As speculation about Michael Jackson's health problems swirls after his June 25 death, it appears that many of his signature habits seem to confirm that he struggled with lupus, a chronic autoimmune disorder.
On Wednesday, Dr. Arnie Klein, Jackson's physician, told "Good Morning America" that he had diagnosed Jackson, 50, with lupus, a disease in which the body comes under attack from its own immune system. The result is inflammation, pain and damage to certain tissues of the body.
Hints of how Jackson dealt with such a condition can be found in his personal style choices, from the surgical mask he occasionally donned to his signature white glove.
According to the Lupus Foundation of America, at least at least 1.5 million Americans have lupus, and about 5 million people throughout the world have some form of the disease.
Dr. Robert Lahita, a professor of medicine at Mount Sinai Medical School who has has written numerous books on lupus and other autoimmune conditions, told "Good Morning America" that what we know about Jackson's other medical conditions may also point to lupus.
"He had a form of skin lupus, called discoid lupus, which affects about 40 percent of the patients with lupus," Lahita said, adding that this condition can lead to depigmentation of the skin, among other things.
"Michael Jackson acknowledged having vitiligo, having splotches of the skin," Lahita said.
This condition may explain why Jackson was often seen carrying an umbrella, as these patients are normally advised to avoid sun exposure.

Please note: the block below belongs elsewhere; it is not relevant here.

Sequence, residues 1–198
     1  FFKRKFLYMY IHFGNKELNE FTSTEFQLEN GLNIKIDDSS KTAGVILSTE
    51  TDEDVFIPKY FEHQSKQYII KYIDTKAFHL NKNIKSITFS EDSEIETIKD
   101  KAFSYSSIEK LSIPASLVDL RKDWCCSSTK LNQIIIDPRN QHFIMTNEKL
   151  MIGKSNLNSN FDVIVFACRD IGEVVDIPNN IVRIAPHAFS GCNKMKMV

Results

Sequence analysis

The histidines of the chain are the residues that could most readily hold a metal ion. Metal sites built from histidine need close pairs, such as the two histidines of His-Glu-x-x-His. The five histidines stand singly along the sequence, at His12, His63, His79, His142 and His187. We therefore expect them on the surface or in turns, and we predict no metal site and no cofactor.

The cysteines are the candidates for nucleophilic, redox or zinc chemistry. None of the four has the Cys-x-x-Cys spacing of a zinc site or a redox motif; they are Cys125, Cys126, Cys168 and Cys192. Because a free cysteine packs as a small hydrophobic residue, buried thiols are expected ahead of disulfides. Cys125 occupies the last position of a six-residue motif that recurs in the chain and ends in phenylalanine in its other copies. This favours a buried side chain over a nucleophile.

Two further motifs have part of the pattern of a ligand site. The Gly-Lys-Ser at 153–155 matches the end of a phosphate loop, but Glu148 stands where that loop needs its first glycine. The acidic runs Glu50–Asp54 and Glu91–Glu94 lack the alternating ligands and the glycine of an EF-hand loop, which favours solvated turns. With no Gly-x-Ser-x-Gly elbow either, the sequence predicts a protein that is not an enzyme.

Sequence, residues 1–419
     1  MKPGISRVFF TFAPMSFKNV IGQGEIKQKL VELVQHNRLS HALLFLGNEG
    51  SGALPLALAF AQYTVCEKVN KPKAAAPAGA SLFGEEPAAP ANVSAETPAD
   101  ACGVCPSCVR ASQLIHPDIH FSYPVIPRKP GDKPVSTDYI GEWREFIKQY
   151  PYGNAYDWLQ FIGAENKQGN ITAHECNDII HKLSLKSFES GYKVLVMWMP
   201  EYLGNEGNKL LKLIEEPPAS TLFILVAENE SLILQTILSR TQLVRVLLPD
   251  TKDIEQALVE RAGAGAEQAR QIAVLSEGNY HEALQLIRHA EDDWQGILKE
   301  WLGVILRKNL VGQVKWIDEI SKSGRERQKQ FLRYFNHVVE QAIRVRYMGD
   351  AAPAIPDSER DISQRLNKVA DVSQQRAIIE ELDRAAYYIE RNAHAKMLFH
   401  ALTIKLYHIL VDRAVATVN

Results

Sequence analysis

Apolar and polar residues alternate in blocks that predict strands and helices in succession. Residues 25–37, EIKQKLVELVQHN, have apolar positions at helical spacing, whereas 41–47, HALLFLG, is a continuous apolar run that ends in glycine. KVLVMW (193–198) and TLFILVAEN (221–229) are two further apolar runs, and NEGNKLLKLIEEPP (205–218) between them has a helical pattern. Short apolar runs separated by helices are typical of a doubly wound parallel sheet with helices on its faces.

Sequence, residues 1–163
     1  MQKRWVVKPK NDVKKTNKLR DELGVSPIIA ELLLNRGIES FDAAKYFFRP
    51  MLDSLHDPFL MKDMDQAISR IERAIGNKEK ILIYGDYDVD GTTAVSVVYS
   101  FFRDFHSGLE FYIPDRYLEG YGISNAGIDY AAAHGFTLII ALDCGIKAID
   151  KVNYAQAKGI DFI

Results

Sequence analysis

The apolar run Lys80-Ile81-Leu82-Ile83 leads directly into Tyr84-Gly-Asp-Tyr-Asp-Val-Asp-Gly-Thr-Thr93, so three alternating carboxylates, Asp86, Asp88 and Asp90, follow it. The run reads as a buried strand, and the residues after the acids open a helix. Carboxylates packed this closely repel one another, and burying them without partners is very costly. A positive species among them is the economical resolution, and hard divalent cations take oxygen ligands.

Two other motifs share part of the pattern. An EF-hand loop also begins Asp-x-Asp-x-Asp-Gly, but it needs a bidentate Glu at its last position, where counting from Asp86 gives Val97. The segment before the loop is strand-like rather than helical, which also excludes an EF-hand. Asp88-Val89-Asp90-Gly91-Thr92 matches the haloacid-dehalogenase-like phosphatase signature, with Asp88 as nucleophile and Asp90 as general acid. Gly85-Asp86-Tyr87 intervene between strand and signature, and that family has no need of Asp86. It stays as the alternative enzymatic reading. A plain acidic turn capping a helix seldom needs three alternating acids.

But for many of Jackson's fans, the implication that the singer's famous single white glove may have been camouflage for his condition may be most intriguing. It was a possibility that Lahita called "very interesting."
"[Vitiligo] affects the neck, the face, the upper part of the wrists and the groin," he said. "And vitiligo is uncommon by itself. But with autoimmune disease, it's common."
If Jackson had lupus, it may also point to an underlying reason for what some close to the singer have said was an addiction to prescription pain medications.
"Quite a few of my patients have fibromyalgia, about 50 percent," Lahita said. "That's a terrible, chronic pain condition. He may have suffered from that."
But could lupus also explain some of the other health conditions Jackson is believed to have experienced?
According to Cherilyn Lee, a nurse who worked for Michael Jackson, the singer had also asked for the powerful anesthetic Diprivan in the days before his death in order to help him sleep. Lahita said that insomnia is also commonly associated with the type of lupus Jackson was believed to have had.
There are also suspicions, dating from an injury that Jackson sustained in 1984 in which his head was burned during the filming of a commercial, that Jackson wore a wig to cover hair loss.
"We call the hair loss alopecia, and it's very common," Lahita said. "And you may recall he had that commercial accident in New York City. That's probably the time when the discoid lupus was discovered on his scalp."
And since lupus can inflame the heart as well, Lahita said, it may be possible that the pop icon's ultimate demise could be linked to the condition once all of the results from his medical tests are known.
"One of the things about this remarkable disease is accelerated hardening of the arteries," Lahita said. "The heart is involved. The blood vessels are involved in most of my patients. And premature heart disease is very common."